On May 7, 2011, I published a blog post on the board level moves at Infosys, “Infosys Board Rejig: Crowded at the Top?”, in my blog Strategy Musings, http://cbrao2008.blogspot.in/2011/05/infosys-board-rejig-crowded-at-top.html). The blog post analyzed the challenges founder-leader teams face when all the leaders are competent and when the broader leadership team needs the challenges and opportunities of running their corporations. The blog post traced the dilemma faced by founder-leaders when they are one too many in a corporation. The post also made three important points. The first was that corporations need to recognize the importance of holistic leaders. The second was that leadership is not only skills and competencies but also about charisma and instincts. The third was that when corporations are headed by iconic leaders, such corporations struggle to subject themselves to objective benchmarking with respect to competition.
The loss of competitive edge and industry leadership faced by Infosys after the board level rejig that was announced on April 30, 2011 together with the more competitive business landscape has apparently prompted the Infosys board and its key stakeholders to raise, on June 1, 2013, the retirement age for executive positions to 75 years of age and recall the Chairman Emeritus N R Narayana Murthy to the board to operate as Executive Chairman. The other existing leaders, Kris Gopalakrishnan becomes the Vice Chairman (from being a co-chairman) while SD Shibulal would continue to be the MD and CEO. While Narayana Murthy has stated that it was too early to comment on how he would re-strategize, his plan to establish an executive office, headed by his son Rohan Murty, a well-qualified professional in his own right points to his leadership style being different this time around.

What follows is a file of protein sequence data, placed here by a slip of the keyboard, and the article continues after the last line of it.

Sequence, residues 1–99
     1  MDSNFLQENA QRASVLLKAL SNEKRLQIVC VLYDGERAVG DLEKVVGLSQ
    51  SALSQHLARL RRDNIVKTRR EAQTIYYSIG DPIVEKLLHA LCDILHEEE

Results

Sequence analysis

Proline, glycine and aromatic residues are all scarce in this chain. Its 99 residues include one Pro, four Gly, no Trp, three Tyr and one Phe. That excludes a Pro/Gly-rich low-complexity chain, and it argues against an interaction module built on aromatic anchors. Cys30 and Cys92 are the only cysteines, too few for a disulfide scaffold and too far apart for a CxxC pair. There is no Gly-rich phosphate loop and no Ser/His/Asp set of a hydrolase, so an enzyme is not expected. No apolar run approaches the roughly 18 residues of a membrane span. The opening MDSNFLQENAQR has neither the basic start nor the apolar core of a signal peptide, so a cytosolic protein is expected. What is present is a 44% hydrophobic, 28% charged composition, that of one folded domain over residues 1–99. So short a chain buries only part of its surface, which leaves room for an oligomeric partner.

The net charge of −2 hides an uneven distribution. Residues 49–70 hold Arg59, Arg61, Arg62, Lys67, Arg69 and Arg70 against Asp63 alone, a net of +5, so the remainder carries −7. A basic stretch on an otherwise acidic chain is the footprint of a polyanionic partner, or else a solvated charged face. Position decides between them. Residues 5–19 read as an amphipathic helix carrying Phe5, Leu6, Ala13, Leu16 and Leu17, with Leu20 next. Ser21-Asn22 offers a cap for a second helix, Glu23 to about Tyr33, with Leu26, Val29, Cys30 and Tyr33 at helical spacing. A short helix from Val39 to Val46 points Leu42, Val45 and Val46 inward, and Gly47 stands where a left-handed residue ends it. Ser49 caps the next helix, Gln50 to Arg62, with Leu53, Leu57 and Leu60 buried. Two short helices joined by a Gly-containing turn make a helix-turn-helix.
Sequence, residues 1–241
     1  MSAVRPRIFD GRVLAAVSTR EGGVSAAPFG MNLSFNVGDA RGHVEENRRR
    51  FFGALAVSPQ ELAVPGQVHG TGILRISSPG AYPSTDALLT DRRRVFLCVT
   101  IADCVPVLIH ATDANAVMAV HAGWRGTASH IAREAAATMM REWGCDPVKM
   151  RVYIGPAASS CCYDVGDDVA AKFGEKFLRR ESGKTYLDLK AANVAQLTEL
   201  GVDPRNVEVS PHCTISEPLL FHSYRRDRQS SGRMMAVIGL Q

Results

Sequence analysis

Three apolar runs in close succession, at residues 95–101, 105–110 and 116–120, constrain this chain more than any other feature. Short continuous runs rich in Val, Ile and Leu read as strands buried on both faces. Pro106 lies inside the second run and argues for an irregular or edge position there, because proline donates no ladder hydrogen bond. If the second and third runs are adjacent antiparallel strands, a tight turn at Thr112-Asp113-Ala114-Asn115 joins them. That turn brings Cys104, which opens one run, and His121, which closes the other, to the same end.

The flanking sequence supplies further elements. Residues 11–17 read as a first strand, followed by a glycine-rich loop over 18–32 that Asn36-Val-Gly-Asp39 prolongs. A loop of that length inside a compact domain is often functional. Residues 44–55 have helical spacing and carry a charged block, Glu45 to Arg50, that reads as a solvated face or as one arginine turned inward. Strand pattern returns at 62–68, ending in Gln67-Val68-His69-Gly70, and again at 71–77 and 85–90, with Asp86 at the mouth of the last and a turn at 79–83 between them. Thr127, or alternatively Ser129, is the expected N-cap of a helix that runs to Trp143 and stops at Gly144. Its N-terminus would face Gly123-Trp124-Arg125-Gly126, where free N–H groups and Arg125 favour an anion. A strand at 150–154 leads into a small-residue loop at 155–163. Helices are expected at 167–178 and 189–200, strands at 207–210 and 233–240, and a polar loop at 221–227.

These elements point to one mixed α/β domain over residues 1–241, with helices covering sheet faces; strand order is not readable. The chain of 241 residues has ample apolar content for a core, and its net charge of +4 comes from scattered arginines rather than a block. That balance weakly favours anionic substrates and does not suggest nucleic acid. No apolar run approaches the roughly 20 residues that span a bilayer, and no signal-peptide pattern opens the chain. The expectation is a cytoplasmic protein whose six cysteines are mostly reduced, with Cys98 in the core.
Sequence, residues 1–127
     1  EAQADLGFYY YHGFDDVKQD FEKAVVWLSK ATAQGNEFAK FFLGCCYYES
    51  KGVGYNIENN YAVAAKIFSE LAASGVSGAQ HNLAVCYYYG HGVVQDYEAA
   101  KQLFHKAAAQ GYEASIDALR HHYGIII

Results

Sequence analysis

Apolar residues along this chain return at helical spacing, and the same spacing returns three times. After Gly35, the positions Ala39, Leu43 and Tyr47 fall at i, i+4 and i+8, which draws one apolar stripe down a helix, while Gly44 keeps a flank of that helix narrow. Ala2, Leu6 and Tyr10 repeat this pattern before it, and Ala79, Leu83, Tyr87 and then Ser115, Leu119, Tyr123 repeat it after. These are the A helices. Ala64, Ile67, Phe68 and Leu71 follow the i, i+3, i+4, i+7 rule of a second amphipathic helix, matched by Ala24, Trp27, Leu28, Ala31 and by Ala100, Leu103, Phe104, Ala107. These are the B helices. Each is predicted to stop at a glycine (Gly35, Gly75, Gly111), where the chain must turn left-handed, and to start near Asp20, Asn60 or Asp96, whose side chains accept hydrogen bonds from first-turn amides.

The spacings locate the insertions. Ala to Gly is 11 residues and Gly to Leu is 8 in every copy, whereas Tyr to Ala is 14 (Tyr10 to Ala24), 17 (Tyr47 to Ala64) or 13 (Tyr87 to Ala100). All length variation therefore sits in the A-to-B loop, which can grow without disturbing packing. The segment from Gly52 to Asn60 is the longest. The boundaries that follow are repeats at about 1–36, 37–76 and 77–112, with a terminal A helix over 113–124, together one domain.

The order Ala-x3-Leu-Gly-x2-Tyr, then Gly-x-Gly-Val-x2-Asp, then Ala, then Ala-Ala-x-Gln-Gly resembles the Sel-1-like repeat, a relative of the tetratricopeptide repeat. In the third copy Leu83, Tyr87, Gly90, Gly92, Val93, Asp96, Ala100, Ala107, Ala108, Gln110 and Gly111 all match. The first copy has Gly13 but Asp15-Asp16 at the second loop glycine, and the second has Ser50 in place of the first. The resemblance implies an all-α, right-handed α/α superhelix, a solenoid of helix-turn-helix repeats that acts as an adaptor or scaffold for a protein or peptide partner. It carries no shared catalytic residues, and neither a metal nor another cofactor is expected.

Global leadership comebacks
The global corporate world has witnessed several comeback sagas. The most recent one has been the callback of the 66 year old A G Lafley, former chairman as the chairman and CEO by Procter & Gamble (P&G). Other notable comebacks have been Myron Ullman at JC Penney, Steve Jobs at Apple, Henry Schacht at Lucent, Jamie Houghton at Corning, Ted Waitt at Gateway, Richard Schulze at Best Buy, Charles Schwab at Schwab, William Stavropoulos at Dow, Howard Schultz at Starbucks, Michael Dell at Dell and Paul Allaire at Xerox. Such callbacks have often been prompted by the need to shore up struggling businesses or take them to newer trajectories. However, not all such comebacks have proved to be successful. The most spectacular comeback story was that of Steve Jobs at Apple as is widely known. Another success story has been that of Howard Schultz at Starbucks. Others had successes and difficulties in their second innings, in varying degrees though.
Given that not all global comebacks have been equally successful, and some have been even downright disastrous, it goes without saying that comeback by itself is not an implicit guarantee of success. A research on leadership comebacks quoted and commented upon in the May 24, 2013 online issue of Forbes suggests that allowing gilded chief executives an encore performance had been no guarantee of success. It often required the recalled leaders to execute radically new and unsentimental strategies even if some of them were crafted by them. It also mentions that paradoxically three-quarters of the recalled chief executives had actually handpicked their successor leaders, suggesting that handling them in the new innings could be a challenge, besides implying concerns on the durability of handpicked succession plans. The case of Infosys suggests that organizational challenges in the company could be no different, given that the successor team had been handpicked by Narayana Murthy himself. Setting the strategic direction and ensuring capable succession would continue to be the exiting leader’s most important contribution. Even when it is done well, there could be unexpected eventualities as demonstrated by several of the above cases.